Environmental accounting offers a clear way to assess such trade-offs, and will hopefully lead to better decisions. To achieve this we will need:

  • Regular environmental-economic accounts from trusted institutions like the ABS
  • Governments and business to incorporate this new accounting into their strategic planning and management (including, in the case of the Great Barrier Reef, assessing the likely revenue from increased marine park fees)
  • The public to use the accounts to hold our government and business leaders to

The ConversationThe last will no doubt make some uncomfortable, while the second will take some time. The first is already a reality. I hope others take the time to understand and analyse the accounts already available, and that we get as much debate about managing the environment as we do about managing the economy.

Michael Vardon, Visiting Fellow at the Fenner School, Australian National University

This article was originally published on The Conversation. Read the original article.


James Hansen: emissions trading won’t work, but my global ‘carbon fee’ will

Michael Hopkin, The Conversation

Former NASA climate scientist James Hansen has called for a global “carbon fee” in which fossil fuels are taxed when they are produced or imported, rather than when they are consumed.

Under his proposal, countries would collect a fee when fossil fuels are mined or imported, and distribute the revenue to their citizens, while charging extra border duties to countries without a similar scheme.

Attending a United Nations climate summit for the first time, Hansen – widely credited as the first scientist to raise mainstream political concerns about climate change – says he has little faith in the climate targets and emissions trading schemes currently on the table in Paris.

What would be ideal outcome here in Paris given the scope of what countries can potentially promise?

The ideal outcome would have been if [US President Barack] Obama and the Chinese president [Xi Jinping] said we need a carbon price. But as long as they are letting local ground rules [be set up in other countries] then we’re screwed. They are screwing our children.

You’ve talked about the idea of having a fee that applies to markets worldwide, but that raises the question of how it’s going to get off the ground to begin with.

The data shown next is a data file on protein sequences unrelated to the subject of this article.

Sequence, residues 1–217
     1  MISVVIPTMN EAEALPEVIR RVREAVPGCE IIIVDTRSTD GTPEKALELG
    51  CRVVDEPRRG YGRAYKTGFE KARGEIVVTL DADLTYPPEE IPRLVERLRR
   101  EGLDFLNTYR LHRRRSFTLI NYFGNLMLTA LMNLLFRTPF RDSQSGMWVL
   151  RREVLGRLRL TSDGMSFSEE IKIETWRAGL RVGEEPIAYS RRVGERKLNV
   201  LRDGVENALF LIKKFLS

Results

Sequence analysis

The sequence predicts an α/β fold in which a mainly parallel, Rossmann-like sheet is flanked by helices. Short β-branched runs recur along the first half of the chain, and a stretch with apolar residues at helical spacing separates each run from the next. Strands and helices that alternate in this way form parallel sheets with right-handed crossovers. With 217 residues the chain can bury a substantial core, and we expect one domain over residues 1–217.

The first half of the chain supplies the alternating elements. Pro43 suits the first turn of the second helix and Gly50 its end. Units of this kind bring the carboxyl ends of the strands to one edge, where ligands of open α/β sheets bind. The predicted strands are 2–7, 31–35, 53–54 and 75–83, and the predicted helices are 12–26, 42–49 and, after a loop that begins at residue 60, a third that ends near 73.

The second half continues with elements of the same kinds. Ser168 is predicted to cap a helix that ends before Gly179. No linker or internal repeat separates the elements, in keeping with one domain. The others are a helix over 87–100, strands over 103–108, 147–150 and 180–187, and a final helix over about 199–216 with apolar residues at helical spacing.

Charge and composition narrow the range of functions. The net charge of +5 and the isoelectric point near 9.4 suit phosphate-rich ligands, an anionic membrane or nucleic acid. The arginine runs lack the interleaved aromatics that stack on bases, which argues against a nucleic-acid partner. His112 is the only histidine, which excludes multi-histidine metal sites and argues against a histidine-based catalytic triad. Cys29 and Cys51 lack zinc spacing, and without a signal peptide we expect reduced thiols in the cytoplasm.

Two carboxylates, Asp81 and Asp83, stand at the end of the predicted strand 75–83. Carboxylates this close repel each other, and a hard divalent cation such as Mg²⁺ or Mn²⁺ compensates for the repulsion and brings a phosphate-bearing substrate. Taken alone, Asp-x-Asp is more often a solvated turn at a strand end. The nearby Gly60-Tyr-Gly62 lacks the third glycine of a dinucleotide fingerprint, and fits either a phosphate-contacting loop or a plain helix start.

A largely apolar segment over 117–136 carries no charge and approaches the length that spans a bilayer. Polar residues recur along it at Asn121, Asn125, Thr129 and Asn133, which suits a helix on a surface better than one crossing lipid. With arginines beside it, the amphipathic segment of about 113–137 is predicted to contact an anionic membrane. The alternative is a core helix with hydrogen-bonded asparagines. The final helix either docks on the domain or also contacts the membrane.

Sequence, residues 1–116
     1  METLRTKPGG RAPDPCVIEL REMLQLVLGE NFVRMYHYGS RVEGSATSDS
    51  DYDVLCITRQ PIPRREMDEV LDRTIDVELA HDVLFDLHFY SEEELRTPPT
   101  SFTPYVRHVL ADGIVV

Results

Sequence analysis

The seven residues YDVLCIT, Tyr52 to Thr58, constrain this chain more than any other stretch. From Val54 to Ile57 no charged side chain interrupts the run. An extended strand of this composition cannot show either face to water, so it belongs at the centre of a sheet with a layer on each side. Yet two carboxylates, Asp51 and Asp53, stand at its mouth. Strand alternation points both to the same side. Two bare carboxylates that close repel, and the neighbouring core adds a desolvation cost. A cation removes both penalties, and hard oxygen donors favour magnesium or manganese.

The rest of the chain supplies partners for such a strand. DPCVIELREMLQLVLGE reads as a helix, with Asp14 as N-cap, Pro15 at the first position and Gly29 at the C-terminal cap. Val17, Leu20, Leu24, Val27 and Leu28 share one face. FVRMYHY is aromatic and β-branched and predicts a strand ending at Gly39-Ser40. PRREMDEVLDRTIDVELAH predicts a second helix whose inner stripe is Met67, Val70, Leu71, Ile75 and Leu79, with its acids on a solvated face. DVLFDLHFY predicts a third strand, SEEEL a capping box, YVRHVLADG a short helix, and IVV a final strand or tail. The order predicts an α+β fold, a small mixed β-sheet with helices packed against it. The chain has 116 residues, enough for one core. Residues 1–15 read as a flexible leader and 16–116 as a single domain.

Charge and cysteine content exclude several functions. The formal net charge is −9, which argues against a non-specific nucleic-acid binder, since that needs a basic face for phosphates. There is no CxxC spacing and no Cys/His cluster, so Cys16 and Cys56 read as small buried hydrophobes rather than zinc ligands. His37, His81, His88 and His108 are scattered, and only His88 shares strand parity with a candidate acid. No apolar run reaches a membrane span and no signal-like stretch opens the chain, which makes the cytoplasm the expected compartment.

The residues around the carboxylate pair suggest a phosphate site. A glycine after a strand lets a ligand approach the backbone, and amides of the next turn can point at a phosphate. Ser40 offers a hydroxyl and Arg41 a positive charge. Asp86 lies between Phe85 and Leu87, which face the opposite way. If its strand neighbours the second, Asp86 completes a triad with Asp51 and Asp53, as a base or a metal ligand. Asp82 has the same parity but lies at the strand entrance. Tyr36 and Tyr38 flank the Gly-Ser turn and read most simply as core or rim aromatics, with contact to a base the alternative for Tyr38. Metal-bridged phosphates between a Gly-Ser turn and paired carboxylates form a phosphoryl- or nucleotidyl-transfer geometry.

All it requires is two players: United States, China, European Union – two out of the three. They would say we’re going to have a fee and we’re going to put border duties on products from countries that don’t have it. The other party would join immediately, and so would most countries, because they would rather collect the money themselves.

You suggest that the money collected would be paid to citizens of the country that collects it – how crucial is that to your idea?

It would be up to each country. But if you want the fee to continue to go up, if you want public endorsement, you want public buy-in, you’d better give it to them. Now I can imagine in some countries where there’s not a democracy you would worry that some leaders are going to steal the money, but then that’s a problem we have now in many countries that are being ripped off by their leaders. It would be so transparent – you will know exactly how much money is collected, then where’s it going? I think there’s less chance [of this] if we just have some champion at a high enough level.

It sounds like you don’t have much confidence in the idea of countries setting their own climate goals and ambitions.

Of course it’s useful for that to happen – it’s better than nothing. But it’s not going to solve the problem, it’s not even going to reduce global emissions. You’ll reduce the demand for the fuel, to the extent that it’s successful, but that just makes it cheaper for someone else to burn it. Fossil fuels are cheap – there are parts of the world where you can pull oil off the ground for a couple of dollars a barrel.

So if the Paris talks are heading towards a deal based largely on each country’s individual climate pledges, is that letting the world down?

Yeah. That’s their scheme for coming out of here and looking good to the public. And they’ll be saying “we’re making progress”. To the extent that there are more things like Bill Gates throwing in a few billion dollars for research and development, these are positive things, so you don’t want to say they’ve done nothing. But it’s not going to solve the problem, that’s for sure.

The Conversation

Michael Hopkin, Environment + Energy Editor, The Conversation

This article was originally published on The Conversation. Read the original article.

Hunter Region Botanic Gardens

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Southern Wetlands

ABOVE: The Southern Wetlands Boardwalk – Hunter Region Botanic Gardens

Late last week I decided I should do something with the final day of my annual leave that I had taken this time round, so I thought I’d pop into the Hunter Region Botanic Gardens near Raymond Terrace in New South Wales, Australia. I had been here before, but that was a long time ago. I wasn’t impressed on that first visit, so after more then a decade had it improved? Well that was the question I was keen to answer.


ABOVE: The Rotunda  BELOW: Succulents Section


There was a $4.00 ‘escape’ fee, which would allow a token to be purchased and then the boom gate would rise once it was placed into the proper slot at the exit. So no entrance fee, just an exit fee. I was willing to pay this for a quick look and…